While the ribs are gettin' all happy with their little flavor party, I move on to the ladies. Depending on the crowd, I figure two is enough to entertain everyone. I like to grab 'em by the legs and lay 'em on their backs and go right to work... stripping the legs, the thighs, the breasts... hey wait- I'm talkin' about chickens here... where was your head at??!!?! ...So anyways, like I was sayin', once I have them out into all their pieces (usually 10 pieces- cutting the breasts in half, but more about why later), they go into a covered bowl and can sit in the fridge until about an hour before I'm ready to eat.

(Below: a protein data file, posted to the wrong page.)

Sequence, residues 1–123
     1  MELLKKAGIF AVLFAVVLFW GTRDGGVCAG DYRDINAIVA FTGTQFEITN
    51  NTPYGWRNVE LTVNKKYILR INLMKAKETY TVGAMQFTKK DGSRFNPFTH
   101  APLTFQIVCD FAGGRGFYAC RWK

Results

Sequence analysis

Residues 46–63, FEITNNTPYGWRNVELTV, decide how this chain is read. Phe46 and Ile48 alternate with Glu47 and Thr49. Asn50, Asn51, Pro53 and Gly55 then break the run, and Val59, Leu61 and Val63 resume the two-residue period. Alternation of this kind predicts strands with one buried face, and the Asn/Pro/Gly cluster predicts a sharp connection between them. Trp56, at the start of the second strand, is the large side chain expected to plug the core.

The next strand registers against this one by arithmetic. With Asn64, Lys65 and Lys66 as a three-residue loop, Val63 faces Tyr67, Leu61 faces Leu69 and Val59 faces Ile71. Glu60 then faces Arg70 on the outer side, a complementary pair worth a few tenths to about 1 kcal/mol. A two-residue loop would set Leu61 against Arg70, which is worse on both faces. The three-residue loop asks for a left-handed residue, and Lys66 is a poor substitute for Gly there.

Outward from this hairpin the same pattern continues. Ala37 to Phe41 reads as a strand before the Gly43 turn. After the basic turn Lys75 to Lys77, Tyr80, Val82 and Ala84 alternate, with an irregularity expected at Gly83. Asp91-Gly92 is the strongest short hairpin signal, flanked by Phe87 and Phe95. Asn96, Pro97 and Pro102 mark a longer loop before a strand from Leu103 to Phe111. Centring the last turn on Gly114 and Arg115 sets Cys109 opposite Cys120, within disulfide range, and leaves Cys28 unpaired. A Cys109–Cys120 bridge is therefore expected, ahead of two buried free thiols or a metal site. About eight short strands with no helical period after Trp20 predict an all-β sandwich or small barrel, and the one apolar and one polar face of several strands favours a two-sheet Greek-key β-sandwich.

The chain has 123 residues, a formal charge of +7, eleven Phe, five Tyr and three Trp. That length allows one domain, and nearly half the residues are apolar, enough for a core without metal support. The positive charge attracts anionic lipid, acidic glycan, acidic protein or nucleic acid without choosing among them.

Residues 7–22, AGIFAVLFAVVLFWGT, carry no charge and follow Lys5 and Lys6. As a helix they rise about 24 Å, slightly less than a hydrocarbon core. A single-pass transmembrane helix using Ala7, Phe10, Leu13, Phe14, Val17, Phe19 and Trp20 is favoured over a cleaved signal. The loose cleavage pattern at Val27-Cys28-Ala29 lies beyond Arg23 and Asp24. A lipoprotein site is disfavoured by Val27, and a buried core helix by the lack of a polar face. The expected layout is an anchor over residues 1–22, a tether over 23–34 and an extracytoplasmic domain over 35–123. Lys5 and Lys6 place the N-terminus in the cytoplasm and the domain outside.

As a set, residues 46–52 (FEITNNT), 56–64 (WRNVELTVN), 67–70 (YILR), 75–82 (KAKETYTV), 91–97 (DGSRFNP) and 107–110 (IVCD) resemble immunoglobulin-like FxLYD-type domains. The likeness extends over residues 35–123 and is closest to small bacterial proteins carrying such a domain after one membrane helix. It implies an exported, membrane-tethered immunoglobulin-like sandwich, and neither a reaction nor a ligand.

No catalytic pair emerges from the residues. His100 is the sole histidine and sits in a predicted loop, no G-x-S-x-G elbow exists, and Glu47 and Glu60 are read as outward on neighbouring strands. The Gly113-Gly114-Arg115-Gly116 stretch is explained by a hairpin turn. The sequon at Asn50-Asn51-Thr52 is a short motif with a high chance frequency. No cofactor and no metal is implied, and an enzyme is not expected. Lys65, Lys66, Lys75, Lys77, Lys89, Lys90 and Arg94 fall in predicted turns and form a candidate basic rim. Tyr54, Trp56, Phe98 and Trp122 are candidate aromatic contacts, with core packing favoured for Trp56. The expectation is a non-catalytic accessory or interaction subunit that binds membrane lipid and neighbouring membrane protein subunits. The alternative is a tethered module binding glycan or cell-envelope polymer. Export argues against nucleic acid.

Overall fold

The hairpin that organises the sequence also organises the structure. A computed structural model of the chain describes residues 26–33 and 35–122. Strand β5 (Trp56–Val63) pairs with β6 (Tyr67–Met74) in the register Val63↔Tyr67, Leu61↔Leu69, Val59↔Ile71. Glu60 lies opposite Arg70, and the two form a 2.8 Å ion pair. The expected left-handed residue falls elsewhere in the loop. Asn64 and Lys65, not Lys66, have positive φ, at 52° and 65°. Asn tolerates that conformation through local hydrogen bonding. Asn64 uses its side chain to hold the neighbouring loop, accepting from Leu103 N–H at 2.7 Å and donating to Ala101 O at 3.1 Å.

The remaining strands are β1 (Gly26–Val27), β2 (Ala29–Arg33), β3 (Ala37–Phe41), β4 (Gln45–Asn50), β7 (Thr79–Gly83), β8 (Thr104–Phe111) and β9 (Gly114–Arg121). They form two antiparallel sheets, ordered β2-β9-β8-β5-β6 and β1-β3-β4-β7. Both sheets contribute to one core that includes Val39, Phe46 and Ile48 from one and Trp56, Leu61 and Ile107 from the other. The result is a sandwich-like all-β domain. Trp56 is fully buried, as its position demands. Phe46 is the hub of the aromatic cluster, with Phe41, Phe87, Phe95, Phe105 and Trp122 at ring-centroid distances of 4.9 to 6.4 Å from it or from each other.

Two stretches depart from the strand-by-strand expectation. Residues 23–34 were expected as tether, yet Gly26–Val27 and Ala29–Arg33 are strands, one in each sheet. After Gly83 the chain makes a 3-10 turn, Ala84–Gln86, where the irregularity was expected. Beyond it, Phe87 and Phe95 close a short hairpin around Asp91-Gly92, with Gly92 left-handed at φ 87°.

Ok- now it's time to get the ribs cookin'. I get a nice fire going with the charcoal in the chimney. Then I set a couple of handfuls of wood chips in a big bowl of water. I like to use a combination of chips for my ribs; usually apple and maple, or cherry and pear. Once the coals are good and hot, I set them up for a little indirect heat in piles on either side of my trusty Weber kettle and top the coals with the soaked chips. The ribs go on the rack at 11 am and the cover stays on for about 3 hours with just the slightest venting on the top and bottom. My great grandfather, Paulie, always said things need to be cooked low and slow- it'll be worth the wait. And he was definitely right about that... by the time you take these out of the smoke, that meat won't be falling off the bone, it'll be jumpin' off!